WHERE I AM: The 1000 block of Independence Street on the east or odd-numbered side of the street, between St. Claude Avenue and North Rampart Street. The block is in Bywater, and if I didn’t already know that, the sign on the Bywater Art Gallery would convince me. Besides, where else would I find the brazenly cheerful house colors that appear on the gallery building and the first two houses next to it?

Bounded roughly by Urquhart Street on the north, the Mississippi River on the south, the Industrial Canal on the east and Press Street on the west, Bywater was once called “Little Saxony” (according to the Historic District Landmarks Commission) for the concentration of German immigrants who crowded into it in the mid-19th century. Today, its avant-garde residents have earned it a rep as the ultimate hip place to live, dine, shop and explore.

WHY I’M HERE: There are a million reasons to visit Bywater but today mine is seasonal: With the Fourth of July coming up in a few days, I set out to find a street with an apt name. I considered Congress, Washington, Jefferson, Adams, Franklin and a few more, but “Independence” won the day.

SEEN ON THE STREET: It’s a long block: 11 one-story shotguns plus the two story cornerstore/house at the St. Claude end. The shotguns are a mix of singles and doubles, but one is a sidehall house (not considered a shotgun by the diehards because of the interior hallway). With so many houses, I choose a sample of five to study.

HOMING IN: The Bywater Art Gallery building announces its presence to passers-by with a vivid color scheme, artfully applied to enhance it Neoclassical Revival features. Pink paint unabashedly covers the body with a deeper tone of rose reserved for the Tuscan-style columns on the second floor porch. Robin’s egg blue paint accents millwork, including the post brackets and rake boards on the gable and the flared trim around the gable window. Deep purple makes its appearance on the poles that support the building’s signature wraparound metal awning. There’s just no missing this building, whether you are an architecture geek or a color fanatic.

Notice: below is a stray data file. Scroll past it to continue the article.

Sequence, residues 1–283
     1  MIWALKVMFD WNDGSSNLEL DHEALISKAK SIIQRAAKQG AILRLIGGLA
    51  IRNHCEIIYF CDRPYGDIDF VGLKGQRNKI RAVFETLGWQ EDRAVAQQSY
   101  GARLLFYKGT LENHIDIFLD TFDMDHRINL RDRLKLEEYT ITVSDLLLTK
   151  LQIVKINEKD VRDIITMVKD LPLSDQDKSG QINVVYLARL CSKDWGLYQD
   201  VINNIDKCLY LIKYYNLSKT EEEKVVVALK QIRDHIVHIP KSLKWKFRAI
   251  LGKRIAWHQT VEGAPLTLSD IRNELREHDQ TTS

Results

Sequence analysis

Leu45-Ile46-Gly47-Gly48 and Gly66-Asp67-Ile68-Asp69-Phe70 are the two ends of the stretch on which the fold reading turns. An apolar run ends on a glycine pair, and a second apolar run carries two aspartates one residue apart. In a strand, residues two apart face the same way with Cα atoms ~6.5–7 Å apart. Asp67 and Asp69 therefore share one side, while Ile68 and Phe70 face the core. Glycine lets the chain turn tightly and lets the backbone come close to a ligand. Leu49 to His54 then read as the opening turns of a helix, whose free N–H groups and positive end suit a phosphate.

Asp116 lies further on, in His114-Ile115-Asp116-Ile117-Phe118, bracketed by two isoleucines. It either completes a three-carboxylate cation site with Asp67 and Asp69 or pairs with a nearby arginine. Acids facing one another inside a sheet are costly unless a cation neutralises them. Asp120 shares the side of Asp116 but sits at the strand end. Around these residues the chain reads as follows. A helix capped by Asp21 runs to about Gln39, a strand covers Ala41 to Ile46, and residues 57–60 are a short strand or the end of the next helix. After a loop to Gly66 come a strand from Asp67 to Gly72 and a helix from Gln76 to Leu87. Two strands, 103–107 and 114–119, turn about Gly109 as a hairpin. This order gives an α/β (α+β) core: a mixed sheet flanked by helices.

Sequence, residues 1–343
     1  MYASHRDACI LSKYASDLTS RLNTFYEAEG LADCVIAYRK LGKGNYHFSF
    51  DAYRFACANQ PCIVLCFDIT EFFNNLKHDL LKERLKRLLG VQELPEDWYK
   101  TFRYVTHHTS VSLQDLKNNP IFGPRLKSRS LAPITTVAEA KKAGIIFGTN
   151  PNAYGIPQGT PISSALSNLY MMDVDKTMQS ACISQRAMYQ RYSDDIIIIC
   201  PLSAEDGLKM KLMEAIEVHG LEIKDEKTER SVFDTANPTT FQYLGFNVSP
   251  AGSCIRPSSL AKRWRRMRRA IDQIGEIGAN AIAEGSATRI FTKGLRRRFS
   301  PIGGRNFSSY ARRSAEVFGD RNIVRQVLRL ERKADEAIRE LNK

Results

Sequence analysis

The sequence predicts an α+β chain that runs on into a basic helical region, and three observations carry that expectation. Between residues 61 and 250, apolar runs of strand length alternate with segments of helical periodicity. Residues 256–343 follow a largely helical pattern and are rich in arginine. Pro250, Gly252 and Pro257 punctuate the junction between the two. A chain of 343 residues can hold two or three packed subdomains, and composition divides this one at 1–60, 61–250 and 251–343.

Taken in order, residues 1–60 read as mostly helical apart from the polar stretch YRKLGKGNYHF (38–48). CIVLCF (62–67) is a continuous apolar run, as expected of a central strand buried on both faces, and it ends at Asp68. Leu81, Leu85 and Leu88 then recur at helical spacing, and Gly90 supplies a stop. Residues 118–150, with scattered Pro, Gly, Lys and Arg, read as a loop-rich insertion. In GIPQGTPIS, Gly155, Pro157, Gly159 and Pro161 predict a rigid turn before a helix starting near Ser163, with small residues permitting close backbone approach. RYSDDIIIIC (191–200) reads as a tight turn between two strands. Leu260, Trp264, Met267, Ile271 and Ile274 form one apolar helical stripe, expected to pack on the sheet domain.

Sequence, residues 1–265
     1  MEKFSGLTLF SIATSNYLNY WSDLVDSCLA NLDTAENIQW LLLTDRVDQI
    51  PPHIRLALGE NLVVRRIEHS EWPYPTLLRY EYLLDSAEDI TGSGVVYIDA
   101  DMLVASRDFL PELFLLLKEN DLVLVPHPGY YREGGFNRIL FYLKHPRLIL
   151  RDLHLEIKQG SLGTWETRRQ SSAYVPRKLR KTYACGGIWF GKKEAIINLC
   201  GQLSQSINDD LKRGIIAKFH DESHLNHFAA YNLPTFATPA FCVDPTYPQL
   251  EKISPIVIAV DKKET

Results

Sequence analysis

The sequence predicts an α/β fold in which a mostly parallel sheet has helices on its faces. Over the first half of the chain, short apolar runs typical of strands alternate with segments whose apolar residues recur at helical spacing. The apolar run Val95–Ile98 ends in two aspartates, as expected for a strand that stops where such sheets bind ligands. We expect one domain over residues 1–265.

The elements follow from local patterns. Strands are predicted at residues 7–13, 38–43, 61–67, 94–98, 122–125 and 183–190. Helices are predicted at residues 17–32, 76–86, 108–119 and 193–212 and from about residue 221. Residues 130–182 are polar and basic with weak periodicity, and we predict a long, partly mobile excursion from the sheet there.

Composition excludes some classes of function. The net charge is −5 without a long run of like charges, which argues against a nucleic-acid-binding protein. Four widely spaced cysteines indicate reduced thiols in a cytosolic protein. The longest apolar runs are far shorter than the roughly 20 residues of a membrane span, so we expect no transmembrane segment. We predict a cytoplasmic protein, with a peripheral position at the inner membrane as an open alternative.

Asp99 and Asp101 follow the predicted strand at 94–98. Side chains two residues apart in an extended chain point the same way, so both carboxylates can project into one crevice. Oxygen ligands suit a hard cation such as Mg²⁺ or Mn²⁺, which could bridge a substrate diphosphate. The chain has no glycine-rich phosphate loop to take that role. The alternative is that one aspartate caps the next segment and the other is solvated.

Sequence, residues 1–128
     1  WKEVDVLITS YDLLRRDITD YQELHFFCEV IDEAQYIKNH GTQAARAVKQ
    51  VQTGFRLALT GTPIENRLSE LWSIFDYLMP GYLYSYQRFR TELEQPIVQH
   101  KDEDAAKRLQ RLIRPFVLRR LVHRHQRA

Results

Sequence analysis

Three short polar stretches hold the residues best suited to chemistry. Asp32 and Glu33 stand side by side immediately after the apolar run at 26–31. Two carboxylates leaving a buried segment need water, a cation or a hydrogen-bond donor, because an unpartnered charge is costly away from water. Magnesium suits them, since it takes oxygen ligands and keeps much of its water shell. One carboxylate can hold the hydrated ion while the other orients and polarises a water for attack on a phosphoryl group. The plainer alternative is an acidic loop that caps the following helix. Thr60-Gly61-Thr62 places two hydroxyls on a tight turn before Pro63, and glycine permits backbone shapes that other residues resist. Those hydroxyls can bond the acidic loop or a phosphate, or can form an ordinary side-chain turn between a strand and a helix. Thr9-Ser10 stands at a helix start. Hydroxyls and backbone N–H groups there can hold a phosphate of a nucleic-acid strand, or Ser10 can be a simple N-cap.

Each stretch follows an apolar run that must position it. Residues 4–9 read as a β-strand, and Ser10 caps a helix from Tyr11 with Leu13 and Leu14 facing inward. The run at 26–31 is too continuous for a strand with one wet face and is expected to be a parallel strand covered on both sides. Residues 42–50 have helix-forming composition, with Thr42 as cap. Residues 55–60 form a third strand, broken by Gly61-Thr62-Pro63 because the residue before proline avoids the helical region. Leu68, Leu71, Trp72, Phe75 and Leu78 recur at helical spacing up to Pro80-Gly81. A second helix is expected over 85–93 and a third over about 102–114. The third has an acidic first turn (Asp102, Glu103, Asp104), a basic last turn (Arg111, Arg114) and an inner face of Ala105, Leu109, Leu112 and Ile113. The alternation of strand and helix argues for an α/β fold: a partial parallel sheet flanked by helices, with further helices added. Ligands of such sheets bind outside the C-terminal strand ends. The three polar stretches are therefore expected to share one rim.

The single shotgun to its right seems tiny compared to its two-story neighbor, but what it lacks in size, it makes up for in details.

Here again, color draws attention to fine architectural elements, such as the (blue) quoins on the edgeboards, the (purple) arched-top shutters over the Italianate openings, and the (dark green) recesses in the milled brackets that make the (yellow) ornamental scroll work more visible. Although in some neighborhoods the trend is to paint houses all white or all beige, heedless of architectural details, here the motto seems to be “If you’ve got, flaunt it.”

The saying fits the third house perfectly. It is a confection of lemonade and cotton-candy colors in the form of a shotgun double-turned-single, with Seaside blue covering the trim around the arched-top door and windows plus the cornices above them. Pink appears on the louvered shutters and quoins, and all elements contrast cheerily with the lemony hue of the body.

I pass up quite a few houses until I reach the sidehall house. A weathered white, it has all the right features to be every bit as lively as the first three: quoins, milled brackets, Italianate openings, rosettes in the plinth blocks and door trim, and handsome details carved into the wood base of the half-glass door. This house makes a fabulous renovation candidate and I resolve to return in six months to see what has become of it.

I skip more houses and stop at the corner of N. Rampart in front of a Craftsman-style double-turned-single. I choose this house for its butterscotch coloring, the little pink floral painting in the transom over the door, and the fact that it bookends the block. Both it and the Neoclassical Revival cornerstore/house at the St. Claude end hail from the early 20th century and together they bracket a collection of slightly earlier houses in the middle.

HEARD ON THE STREET: David Melerine is getting something out of his truck parked in front of a brilliantly painted Craftsman double across the street, next to the clever little pocket park that St. Claude Main Street and Tulane City Center installed. An electrician, Melerine tells me he does mostly commercial work but that the work on the double is different.

“It’s personal,” he says. “It’s mine. I bought it and now I’m renovating it for my son.”

Though Melerine is a veteran resident of St. Bernard Parish, his son (also David Melerine) lives “around the block” and works as a music promoter.

“He’ll probably move in here when it’s finished” Melerine said. “There are just no bargains to be had in this neighborhood anymore, so we have to work on it ourselves.”

Melerine invites me inside to see the wide, thick planks that make up some of the interior walls and the ancient wallpaper that still clings to them.

“Can you believe it?” he asks. “People stop by all day long when I’m working and ask me, ‘Could I please have just a little piece of the wall paper?’ I’d preserve it if I could.”

R. Stephanie Bruno writes about houses and gardens. Contact her at rstephaniebruno@gmail.com or follow her @rstephaniebruno on Twitter.